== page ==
Creating a GPS for aluminum ions
Employing a combination of methods devised at Pacific Northwest National Laboratory and the Swiss Light Source, scientists at the two institutions were able to determine the distribution of aluminum ions in zeolites, tectosilicates consisting of an array of silicon-oxygen tetrahedra, which form a complex network of pores. The material is widely used by industry as an ion exchange material and solid acid, catalyzing a broad range of chemical reactions. In the first example of this approach, two chemical compositions of a structural variant, known as zeolite beta, have been analyzed. Aluminum atoms, which are critical to the catalytic activity, preferentially replace silicon atoms in the tetrahedra forming the zeolite lattice at only a few sites in the crystalline solid.
Zeolites used extensively in industry today are promising catalysts that turn biomass into transportation fuels, but the activity and stability of this class of materials (see sidebar) is challenging to understand and predict. Of particular interest is the location of the aluminum ions substituted for silicon in the zeolite lattice, eventually forming Brønsted acid sites. This study provides information to help design new catalysts and improve existing ones, increasing the efficiency of producing fuels and chemicals alike. In addition, the approach provides quantitative chemical insight about aluminum positions in a much broader field of important oxidic materials containing aluminum.
"This approach had never been applied to zeolites at this level of detail before," said Dr. Donald Camaioni, a PNNL chemist on the study. "It gave us an unprecedented level of structural detail regarding the placement of aluminum ions in the zeolite framework."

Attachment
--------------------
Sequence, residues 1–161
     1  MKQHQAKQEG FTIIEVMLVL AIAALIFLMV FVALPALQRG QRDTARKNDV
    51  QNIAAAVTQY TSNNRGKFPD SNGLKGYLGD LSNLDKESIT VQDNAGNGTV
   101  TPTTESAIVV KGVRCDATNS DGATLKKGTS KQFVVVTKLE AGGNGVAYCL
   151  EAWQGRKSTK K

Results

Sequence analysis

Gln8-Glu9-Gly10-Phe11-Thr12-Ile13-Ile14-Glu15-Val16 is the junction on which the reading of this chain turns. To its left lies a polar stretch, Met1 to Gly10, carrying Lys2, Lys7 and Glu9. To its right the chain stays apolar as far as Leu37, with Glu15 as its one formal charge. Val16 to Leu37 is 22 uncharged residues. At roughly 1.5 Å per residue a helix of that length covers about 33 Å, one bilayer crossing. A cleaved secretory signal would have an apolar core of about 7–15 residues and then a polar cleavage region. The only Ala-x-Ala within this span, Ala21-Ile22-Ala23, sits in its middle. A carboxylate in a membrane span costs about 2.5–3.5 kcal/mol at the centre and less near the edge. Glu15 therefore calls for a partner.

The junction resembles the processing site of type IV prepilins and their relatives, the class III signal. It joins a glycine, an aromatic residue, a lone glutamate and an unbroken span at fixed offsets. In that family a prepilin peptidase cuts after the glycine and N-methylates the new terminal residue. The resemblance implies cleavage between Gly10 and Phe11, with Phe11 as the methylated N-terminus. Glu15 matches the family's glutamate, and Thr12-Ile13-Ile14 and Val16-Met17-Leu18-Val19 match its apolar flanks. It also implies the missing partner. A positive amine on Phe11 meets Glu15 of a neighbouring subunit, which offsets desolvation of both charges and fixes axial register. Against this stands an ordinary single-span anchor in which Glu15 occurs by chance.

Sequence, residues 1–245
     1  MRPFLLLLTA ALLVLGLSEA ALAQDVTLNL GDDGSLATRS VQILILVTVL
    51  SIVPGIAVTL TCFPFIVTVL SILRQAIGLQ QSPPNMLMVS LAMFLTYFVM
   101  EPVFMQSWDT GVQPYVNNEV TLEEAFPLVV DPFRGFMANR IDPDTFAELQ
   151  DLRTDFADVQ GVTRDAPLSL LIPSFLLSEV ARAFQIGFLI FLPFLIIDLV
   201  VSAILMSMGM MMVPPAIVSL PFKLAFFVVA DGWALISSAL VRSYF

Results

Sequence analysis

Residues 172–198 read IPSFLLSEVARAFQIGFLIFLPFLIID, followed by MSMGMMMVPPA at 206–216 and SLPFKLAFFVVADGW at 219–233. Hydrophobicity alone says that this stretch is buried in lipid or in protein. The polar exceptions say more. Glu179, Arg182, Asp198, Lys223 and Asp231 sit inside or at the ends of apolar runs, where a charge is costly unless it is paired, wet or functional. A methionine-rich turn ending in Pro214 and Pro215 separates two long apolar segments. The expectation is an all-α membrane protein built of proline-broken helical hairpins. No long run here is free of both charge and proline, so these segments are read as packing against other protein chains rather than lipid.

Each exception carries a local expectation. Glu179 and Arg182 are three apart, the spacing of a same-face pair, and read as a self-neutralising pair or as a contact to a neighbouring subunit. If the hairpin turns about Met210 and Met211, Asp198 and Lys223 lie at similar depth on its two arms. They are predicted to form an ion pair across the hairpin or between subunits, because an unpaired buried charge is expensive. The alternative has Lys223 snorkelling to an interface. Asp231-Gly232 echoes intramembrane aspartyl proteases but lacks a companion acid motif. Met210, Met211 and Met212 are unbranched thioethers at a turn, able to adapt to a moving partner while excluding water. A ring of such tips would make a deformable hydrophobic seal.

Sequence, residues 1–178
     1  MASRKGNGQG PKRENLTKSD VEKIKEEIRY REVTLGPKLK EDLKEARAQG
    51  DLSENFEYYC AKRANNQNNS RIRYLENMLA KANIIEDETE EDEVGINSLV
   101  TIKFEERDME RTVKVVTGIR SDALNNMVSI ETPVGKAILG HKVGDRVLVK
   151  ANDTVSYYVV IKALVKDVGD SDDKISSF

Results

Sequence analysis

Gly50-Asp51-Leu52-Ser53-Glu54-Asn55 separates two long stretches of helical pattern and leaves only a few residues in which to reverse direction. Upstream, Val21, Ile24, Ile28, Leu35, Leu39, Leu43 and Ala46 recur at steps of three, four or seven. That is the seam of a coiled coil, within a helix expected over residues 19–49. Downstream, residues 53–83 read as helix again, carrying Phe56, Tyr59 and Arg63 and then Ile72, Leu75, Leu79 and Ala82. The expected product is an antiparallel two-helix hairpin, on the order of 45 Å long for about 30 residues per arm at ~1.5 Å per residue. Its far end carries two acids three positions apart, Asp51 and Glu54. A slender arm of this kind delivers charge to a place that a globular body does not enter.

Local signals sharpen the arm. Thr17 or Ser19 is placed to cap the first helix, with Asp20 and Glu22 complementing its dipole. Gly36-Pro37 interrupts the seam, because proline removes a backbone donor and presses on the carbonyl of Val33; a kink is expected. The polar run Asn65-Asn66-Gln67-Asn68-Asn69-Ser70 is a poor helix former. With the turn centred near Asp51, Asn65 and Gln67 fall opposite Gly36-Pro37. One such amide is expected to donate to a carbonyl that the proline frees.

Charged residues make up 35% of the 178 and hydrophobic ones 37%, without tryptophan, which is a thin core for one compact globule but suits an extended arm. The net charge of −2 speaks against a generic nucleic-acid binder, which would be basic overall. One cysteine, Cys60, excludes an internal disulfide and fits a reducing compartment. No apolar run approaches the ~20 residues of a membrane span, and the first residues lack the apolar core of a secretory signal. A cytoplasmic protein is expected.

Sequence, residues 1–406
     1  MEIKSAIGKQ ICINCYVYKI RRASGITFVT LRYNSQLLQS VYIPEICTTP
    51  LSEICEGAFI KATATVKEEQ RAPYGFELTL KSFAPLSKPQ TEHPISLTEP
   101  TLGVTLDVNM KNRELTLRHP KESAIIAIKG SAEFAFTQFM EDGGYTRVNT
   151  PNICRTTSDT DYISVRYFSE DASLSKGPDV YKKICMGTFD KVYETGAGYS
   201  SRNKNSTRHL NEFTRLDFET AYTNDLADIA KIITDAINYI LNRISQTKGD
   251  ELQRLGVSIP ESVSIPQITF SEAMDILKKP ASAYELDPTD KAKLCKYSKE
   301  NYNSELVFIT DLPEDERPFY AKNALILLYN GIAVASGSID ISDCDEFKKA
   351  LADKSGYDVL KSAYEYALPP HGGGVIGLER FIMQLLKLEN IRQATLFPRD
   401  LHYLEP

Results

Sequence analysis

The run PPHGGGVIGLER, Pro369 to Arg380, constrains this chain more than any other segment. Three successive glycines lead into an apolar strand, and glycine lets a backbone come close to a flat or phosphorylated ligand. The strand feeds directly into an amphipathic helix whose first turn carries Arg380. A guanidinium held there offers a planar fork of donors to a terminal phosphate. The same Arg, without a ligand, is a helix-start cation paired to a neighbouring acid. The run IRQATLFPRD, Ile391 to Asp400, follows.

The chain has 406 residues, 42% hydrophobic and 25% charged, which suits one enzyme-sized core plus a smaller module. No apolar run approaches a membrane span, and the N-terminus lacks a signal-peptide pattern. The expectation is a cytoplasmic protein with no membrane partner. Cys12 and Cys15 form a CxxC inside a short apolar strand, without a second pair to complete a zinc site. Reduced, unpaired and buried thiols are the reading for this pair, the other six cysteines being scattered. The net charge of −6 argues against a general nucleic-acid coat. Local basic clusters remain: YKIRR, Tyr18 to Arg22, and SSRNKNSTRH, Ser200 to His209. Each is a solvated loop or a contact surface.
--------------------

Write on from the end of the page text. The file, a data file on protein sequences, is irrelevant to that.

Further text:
Methods: Two types of zeolites were selected for the study; these materials are part of a group the team is investigating for use in the conversion of bio-oils to transportation fuels. The team determined the distribution of aluminum by analyzing the extended x-ray absorption fine structure and the 27Al MAS-NMR spectra, and combined and interpreted both using advanced theory. While the 27Al MAS-NMR spectroscopy was performed at the NMR facility in EMSL, the x-ray absorption spectroscopy was performed at the Swiss Light Source, one of the few places in the world where these experiments are possible.
"When the theory and experiment converged on the same answer, we knew we'd captured the structure," said John Fulton, a PNNL scientist who worked on the study. "Without theoretical chemistry, we could not have unraveled the structure."
In the zeolites investigated, the aluminum predominantly occupies certain preferred tetrahedral sites. The aluminum atoms replace silicon atoms at tetrahedral sites on the framework's pentagonal or hexagonal rings. While both materials studied were, in principal, similar, the aluminum distribution was dramatically different because of the synthesis history.
"Now that we can determine with high accuracy the location of the catalyst's active sites, we can correlate catalytic performance with zeolite structure," said Aleksei Vjunov, a postmaster's research associate at PNNL who worked on the study. "This work has allowed insight into the complex zeolite chemistry and opens the door to zeolite synthesis by design, leading to more efficient and sustainable catalysts."
Led by Dr. Johannes Lercher, who directs the Institute for Integrated Catalysis at PNNL, the researchers will be using the new method to examine a range of zeolite samples. Their experiments could show how the activity and structure of these zeolites changes over the lifetime of the reaction. They are also working closely with PNNL's Dr. Miroslaw Derewinski, an internationally recognized expert in the field of zeolite synthesis and characterization.